Film Score: Mark Isham Cinematography: J. Michael Munro
Starring: Don Cheadle, Sandra Bullock, Matt Dillon and Terrence Howard
Crash was the winner of the Academy Award for best picture by default. That was the year of Brokeback Mountain and Academy members were reluctant to give the award to a film that dealt so openly with homosexuality. By contrast, a film that dealt openly with racism seemed perfectly acceptable. What do you know, racism goes mainstream. Unlike my disappointing experience with Spike Lee’s Do The Right Thing, however, this film at least seems to have a point. And while it may not contain any more answers, at least it does address the ubiquitous nature of racism instead of one small slice. Don Cheadle delivers the title line when he says the people of Los Angeles are so removed from each other that their need to interact makes the crash into each other. It’s the first of a lot of contrived situations and dialogue that, nevertheless, are thought provoking.
The film begins with the unmarked police car of Don Cheadle and Karina Arroyave being rear ended by an Asian woman and Arroyave unloading on her in a racist way. They are actually there to investigate the death of young man. Then the scene shifts to twenty-four hours earlier. Ludacris and Larenz Tate are walking through a white business district and carjack the SUV of district attorney Brendan Fraser and his wife Sandra Bullock. Back at their house afterward she is having the locks changed by Michael Peña and believes he’s going to sell her keys, which he overhears. Looking for the SUV, police officers Matt Dillon and Ryan Phillippe pull over television director Terrence Howard and his wife Thandie Newton and the racist Dillon humiliates them both before letting them go. Meanwhile Iranian store owner Shaun Toub needs protection and takes his daughter along with him to buy a gun. Later, he needs his back door lock fixed and when Peña tells him he needs a new door he seems as though he wants to use his new gun on him.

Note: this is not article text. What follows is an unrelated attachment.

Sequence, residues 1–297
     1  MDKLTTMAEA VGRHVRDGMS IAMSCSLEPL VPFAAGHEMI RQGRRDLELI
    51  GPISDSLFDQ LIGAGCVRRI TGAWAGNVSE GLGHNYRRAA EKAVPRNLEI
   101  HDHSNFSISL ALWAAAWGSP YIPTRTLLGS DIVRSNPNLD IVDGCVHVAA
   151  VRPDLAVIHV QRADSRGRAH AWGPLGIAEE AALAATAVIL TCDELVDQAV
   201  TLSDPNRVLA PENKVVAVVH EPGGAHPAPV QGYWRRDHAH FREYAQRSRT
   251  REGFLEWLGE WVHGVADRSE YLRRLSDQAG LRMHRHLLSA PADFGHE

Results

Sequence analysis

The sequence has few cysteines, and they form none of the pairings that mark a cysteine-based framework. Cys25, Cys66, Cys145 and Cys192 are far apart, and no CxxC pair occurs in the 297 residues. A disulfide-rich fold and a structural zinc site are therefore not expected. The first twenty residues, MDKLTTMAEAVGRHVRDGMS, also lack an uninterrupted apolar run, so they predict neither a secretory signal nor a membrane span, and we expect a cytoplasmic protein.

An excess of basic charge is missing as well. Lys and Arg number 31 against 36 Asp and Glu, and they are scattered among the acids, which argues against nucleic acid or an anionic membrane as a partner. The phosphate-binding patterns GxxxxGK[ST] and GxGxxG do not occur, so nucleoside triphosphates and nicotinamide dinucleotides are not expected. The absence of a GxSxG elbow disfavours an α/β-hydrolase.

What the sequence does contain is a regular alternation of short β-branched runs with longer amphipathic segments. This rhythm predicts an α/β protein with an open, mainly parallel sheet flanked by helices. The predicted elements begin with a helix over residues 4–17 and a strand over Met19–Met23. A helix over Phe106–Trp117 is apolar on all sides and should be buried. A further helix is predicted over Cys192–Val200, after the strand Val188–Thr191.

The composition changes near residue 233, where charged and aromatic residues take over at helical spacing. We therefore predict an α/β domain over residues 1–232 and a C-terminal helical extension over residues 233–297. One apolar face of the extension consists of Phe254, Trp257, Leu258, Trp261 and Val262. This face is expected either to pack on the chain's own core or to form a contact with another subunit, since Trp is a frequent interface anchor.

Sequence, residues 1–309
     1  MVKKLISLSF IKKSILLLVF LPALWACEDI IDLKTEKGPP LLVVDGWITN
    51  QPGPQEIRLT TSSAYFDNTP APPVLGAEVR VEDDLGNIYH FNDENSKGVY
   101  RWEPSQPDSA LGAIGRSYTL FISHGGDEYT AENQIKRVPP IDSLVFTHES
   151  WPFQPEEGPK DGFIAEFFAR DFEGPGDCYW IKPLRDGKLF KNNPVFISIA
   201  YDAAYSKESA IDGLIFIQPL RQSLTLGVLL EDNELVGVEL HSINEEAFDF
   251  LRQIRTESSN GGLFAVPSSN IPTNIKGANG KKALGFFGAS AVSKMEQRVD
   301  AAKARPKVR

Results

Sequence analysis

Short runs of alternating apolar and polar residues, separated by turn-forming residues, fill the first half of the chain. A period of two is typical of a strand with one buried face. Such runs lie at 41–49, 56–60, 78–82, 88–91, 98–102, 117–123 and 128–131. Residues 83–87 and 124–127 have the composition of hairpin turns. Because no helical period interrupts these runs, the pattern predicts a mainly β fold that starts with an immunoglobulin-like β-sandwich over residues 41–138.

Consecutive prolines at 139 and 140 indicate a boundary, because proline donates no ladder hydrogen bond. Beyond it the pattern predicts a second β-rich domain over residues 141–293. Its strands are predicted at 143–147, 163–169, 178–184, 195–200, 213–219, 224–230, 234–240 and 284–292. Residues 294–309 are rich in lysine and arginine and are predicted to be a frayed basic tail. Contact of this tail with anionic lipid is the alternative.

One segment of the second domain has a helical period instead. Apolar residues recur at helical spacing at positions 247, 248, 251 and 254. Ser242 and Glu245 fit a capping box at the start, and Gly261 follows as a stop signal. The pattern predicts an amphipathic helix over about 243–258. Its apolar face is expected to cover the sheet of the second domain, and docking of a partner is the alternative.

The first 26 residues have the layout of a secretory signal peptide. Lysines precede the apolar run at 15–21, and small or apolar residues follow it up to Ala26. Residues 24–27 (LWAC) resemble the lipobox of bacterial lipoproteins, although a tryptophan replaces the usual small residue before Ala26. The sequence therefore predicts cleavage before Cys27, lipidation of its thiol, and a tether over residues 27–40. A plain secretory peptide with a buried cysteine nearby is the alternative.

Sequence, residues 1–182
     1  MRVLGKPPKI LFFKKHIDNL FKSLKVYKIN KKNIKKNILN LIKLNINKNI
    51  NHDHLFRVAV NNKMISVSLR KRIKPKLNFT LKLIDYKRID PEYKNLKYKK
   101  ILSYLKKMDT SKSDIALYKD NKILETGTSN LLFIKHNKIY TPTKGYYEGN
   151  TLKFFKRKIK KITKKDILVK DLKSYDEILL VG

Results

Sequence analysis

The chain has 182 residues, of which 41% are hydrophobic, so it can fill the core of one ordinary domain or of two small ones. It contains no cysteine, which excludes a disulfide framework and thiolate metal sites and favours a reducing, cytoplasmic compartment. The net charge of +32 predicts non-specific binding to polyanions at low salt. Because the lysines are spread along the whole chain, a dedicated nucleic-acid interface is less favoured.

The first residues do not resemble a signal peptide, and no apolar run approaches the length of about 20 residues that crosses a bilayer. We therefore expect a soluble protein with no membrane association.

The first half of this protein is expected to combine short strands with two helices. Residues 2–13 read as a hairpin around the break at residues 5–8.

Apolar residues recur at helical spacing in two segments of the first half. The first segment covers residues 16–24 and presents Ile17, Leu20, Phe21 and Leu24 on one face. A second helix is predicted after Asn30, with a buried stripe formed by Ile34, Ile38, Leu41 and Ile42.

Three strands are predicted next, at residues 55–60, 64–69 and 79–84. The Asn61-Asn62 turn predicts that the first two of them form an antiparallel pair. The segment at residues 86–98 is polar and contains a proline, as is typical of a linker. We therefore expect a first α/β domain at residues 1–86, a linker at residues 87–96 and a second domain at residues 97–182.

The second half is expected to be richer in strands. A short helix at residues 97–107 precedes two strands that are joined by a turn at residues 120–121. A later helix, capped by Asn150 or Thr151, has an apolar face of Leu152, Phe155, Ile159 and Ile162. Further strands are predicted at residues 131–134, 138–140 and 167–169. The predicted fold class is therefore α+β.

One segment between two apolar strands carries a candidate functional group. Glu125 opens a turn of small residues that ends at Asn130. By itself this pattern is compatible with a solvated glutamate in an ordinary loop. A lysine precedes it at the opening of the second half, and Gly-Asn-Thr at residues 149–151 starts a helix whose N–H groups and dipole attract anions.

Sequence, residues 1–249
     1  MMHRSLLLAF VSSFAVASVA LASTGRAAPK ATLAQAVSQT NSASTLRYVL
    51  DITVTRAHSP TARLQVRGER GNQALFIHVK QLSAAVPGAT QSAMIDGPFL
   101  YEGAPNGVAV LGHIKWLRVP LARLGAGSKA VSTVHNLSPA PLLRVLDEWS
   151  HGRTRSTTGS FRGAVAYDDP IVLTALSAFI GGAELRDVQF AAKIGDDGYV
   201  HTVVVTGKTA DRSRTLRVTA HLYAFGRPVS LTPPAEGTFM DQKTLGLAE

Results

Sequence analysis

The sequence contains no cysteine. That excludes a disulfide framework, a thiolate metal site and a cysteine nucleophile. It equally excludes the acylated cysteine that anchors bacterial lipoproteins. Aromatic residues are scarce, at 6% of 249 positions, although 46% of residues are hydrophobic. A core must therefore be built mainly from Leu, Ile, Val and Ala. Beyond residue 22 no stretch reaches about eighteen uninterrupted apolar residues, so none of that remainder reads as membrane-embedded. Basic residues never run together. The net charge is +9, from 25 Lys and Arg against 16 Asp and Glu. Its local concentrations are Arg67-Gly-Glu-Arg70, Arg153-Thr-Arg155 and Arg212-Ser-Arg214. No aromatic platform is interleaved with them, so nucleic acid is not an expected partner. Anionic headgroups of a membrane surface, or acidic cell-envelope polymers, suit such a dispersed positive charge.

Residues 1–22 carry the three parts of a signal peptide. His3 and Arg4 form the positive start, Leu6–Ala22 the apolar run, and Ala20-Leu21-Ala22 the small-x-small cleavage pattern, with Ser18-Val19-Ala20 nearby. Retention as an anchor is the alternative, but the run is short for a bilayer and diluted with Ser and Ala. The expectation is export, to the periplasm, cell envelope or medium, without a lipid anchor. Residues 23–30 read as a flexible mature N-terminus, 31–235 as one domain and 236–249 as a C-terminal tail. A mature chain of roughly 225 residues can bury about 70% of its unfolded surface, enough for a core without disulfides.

The central idea of the film is the exposing of racism in all it’s forms and the way in which all Americans have been affected by it. But this is not unique to the U.S., as racism in many forms exists worldwide. In terms of plot, the way in which the lives of all the characters begin to intersect is interesting, and they are woven together in a clever way. Still, it’s more than just the racism, but the way the characters handle it that is so compelling to watch. Cheadle has a sick mother and is dating his partner, Arroyave, and has his own prejudices, but faces a barrage of it with the D.A. publicity man William Fichtner. Terrence Howard goes into a slow burn that explodes later when Ludacris attempts to jack his car. When Phillippe wants to transfer away from Dillon he runs into Keith David who gives him a dose of reality by telling him he’ll have to blame it on himself. But the film doesn’t reach its emotional climax until Toup does go after Peña with his gun.
The film earned six Academy Award nominations and won in three categories, best picture, original screenplay, and editing. Writer-director Paul Haggis would go on the following year to pen the Oscar-winning screenplay for Clint Eastwood’s Million Dollar Baby, the only writer to win back-to-back trophies (though Alexander Payne came close), and later wrote and directed the action film The Next Three Days with Russell Crowe. His work here as a director is adequate, though hardly transcendent, and considering films like Capote and Good Night, and Good Luck were also nominated it’s a bit puzzling how the film won. The star-studded cast no doubt helped, though honestly, it’s a bit of a B-list cast in reality. Still, the film was a step forward in taking on racism, and paved the way for more exploration of the subject in other films like Eastwood’s Gran Torino. Crash may not have deserved the Oscar that year, but it’s not a bad film and delivers entertainment and introspection in equal doses.